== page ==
Oh, what I suggested about the NRA is just one branch of a far bigger tree. It’s just an unusual branch, trying to turn the organization against itself. 

Initially we have to realize that the kids have one issue and, for quite a while, they need to stick to that issue. There will be people who try to get them involved in other causes. I’d advise them to pass on those. 

Comment by Ron Powell on February 19, 2018 at 8:44pm

"There will be people who try to get them involved in other causes. I’d advise them to pass on those."

Precisely my point. 

The movement should maintain a nonpartisan posture until it matures and  can stand on its own as a political force in its own right.

Comment by Maui Surfer on February 19, 2018 at 9:28pm

We need the whole mall in DC filled with high school kids, just them, saying whatever they feel about this crime that the Right has perpetrated on them. Personally, I feel all politicians and lobbyists who have taken NRA money, and all NRA employees should have there homes staked out twenty four hours a day by the largest groups available. Just stand in the street and yell the truth, "Murderers!!!"

Comment by Ron Powell on February 19, 2018 at 11:21pm

"The Twenty-sixth Amendment(Amendment XXVI) to the United States Constitution prohibits the states and the federal government from using age as a reason for denying the right to vote to citizens of the United States who are at least eighteen years old. The drive to lower the voting age from 21 to 18 grew across the country during the 1960s, driven in large part by the broaderstudent activism movement protesting the Vietnam War. The impetus for drafting an amendment to lower the voting age arose following the Supreme Court's decision in Oregon v. Mitchell,400 U.S. (1970), which held that Congress may establish a voting age for federal elections, but not for local or state elections.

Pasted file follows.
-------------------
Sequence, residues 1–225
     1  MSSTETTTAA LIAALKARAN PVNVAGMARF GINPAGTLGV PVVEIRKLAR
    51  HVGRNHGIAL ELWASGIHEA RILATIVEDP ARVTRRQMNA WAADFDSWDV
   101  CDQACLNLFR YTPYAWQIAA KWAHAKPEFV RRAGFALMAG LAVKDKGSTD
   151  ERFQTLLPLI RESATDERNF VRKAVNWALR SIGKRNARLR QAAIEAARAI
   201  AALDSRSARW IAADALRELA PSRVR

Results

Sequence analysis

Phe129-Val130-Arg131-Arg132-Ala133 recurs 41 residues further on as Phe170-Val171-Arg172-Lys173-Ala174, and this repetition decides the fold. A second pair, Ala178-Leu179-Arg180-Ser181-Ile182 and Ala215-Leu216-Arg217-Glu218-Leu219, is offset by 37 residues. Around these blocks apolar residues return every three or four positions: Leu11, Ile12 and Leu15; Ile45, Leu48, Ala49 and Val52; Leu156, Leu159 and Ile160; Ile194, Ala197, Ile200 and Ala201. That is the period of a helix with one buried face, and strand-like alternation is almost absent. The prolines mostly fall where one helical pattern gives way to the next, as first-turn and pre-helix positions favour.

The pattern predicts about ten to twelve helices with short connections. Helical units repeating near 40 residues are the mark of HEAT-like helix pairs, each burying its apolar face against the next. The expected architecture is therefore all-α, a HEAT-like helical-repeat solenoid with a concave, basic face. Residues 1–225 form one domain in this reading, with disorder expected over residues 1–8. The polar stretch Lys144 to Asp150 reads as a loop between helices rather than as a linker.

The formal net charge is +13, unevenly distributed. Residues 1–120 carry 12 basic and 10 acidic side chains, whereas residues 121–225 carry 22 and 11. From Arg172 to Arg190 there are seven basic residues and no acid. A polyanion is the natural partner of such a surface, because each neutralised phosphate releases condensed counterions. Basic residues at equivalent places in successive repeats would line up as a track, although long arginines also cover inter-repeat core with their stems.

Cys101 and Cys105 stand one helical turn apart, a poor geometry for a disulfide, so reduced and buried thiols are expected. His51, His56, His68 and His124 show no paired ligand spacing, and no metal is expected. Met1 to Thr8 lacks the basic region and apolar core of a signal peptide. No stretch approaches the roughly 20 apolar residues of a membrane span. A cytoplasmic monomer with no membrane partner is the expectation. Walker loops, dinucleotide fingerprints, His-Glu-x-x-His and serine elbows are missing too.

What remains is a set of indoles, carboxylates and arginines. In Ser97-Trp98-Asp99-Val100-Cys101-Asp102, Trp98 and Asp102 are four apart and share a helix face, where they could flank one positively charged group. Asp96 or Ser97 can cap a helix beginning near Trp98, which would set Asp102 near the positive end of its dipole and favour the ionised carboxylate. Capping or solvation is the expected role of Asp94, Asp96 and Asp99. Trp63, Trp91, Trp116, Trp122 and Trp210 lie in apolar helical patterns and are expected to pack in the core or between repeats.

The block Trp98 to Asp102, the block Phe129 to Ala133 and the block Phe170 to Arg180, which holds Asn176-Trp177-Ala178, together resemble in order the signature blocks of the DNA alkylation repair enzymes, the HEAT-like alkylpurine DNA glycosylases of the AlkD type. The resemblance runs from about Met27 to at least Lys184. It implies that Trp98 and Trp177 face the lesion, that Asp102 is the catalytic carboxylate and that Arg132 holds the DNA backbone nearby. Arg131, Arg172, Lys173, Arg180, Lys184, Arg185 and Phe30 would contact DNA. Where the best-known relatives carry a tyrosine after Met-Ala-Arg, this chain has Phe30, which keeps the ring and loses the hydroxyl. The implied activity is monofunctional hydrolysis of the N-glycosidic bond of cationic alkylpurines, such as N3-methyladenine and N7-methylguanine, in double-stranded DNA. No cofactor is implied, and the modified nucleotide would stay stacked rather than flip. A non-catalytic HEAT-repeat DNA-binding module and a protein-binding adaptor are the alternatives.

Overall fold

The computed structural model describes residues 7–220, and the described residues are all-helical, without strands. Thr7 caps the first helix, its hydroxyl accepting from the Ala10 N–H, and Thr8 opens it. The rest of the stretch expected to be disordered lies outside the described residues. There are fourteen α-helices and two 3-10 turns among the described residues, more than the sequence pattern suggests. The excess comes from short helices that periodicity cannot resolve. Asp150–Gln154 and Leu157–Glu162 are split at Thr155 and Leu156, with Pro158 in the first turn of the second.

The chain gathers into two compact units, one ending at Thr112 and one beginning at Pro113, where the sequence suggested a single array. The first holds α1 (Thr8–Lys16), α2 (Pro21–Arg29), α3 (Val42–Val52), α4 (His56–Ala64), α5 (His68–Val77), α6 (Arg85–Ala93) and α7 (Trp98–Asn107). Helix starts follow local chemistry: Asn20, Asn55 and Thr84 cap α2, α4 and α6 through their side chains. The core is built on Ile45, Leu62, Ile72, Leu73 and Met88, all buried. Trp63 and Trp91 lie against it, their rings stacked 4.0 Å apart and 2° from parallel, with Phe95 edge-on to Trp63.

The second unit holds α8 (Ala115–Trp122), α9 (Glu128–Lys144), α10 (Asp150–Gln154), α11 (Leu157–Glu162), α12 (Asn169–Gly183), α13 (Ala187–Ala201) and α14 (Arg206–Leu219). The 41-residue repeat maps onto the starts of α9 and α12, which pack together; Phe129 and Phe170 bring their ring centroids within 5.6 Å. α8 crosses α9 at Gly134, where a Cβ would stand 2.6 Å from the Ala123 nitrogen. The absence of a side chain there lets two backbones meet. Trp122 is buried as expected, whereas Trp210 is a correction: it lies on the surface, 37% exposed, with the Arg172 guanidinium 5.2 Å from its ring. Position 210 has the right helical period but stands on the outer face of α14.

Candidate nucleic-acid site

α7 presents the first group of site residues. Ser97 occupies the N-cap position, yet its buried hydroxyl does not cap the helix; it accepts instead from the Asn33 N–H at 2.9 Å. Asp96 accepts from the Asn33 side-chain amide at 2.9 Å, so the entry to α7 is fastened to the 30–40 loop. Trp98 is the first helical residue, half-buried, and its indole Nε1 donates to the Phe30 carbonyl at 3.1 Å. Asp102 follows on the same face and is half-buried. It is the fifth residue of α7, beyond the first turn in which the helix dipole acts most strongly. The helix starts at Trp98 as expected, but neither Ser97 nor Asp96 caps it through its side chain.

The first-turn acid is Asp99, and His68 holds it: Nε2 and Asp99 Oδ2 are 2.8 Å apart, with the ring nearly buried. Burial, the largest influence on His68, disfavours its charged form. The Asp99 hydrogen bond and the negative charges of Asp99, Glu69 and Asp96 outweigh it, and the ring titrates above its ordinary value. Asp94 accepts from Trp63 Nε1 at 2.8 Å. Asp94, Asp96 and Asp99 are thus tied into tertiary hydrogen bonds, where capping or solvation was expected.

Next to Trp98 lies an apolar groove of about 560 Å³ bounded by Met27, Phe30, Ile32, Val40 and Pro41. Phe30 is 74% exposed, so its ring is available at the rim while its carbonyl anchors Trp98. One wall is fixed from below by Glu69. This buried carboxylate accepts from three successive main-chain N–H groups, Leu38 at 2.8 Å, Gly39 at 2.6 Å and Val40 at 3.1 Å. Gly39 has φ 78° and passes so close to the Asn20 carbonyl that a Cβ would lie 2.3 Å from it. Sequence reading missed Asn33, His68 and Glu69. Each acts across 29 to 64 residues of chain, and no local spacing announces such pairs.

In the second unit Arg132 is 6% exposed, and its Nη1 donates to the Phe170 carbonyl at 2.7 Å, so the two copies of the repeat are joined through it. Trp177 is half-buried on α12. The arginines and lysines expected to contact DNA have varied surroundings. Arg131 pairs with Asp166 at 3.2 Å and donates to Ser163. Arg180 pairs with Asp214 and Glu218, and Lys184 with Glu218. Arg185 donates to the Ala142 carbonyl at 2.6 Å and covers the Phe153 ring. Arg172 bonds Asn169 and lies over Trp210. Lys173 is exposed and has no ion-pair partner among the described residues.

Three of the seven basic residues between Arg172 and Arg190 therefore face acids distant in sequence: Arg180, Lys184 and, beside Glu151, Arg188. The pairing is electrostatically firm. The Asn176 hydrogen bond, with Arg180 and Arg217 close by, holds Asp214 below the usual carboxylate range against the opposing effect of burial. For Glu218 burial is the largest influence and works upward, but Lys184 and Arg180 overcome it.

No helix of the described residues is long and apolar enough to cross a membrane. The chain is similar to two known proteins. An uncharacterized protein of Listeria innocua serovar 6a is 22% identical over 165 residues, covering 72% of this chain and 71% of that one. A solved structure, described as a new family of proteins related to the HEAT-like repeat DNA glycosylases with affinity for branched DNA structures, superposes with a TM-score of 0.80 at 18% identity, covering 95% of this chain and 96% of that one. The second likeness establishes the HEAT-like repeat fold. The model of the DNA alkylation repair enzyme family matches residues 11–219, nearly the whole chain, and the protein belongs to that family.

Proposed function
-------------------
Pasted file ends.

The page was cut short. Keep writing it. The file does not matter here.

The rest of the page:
On March 23, 1971, a proposal to lower the voting age to 18 years was adopted by both houses of Congress and sent to the states for ratification. The amendment became part of the Constitution on July 1, 1971, three months and eight days after the amendment was submitted to the states for ratification, making this amendment the quickest to be ratified." -----Wikipedia


The kids that made this happen couldn't vote either.

Perhaps there's an rresistible similarity between kids dying in Vietnam and kids dying in classrooms that will give this "children's movement "the traction and momentum it needs going forward..

Comment by Maui Surfer on February 19, 2018 at 11:44pm

And Ron, I remember those days, protests, marches, speeches, and yes, riots and fights, photographically ... I will never get them out of my head because they wanted me to kill my VC cousins who I had not even had the pleasure to meet yet. And, they killed us, with government approval, Ohio, People's Park, Watts, the list goes on and on. Only the kids can win, and this time they WILL! I know they can because we did, and when those ping pong balls were thrown away for the last time that will be the same thing as kicking out the last sell out congressmen who is NRA flush with cash. I still stay, surround their homes, surround their offices, flood the capital and let them go NOWHERE until they vote to pass a bill once and for all.

Comment by Ron Powell on February 19, 2018 at 11:54pm

As I've been saying,  when people take their grievances to the streets, shit happens. ...

Comment by Tom Cordle on February 20, 2018 at 6:33pm

I heard one of the kids say he wasn't the least bit nervous about facing legislators, not after staring down a maniac with an AR15. Death has a way of putting things in perspective, and I don't think much is going to be done about getting rid of assault rifles unless a legislator or two is killed. Hell, even the ballpark shooting and the crippling of Scalise didn't sway these craven creeps. And if anyone is hoping a shooter takes out ttramp and in doing so precipitate another Reagan ban, think again - there'd be cheers in the hallowed halls if cheetolini bit the dust.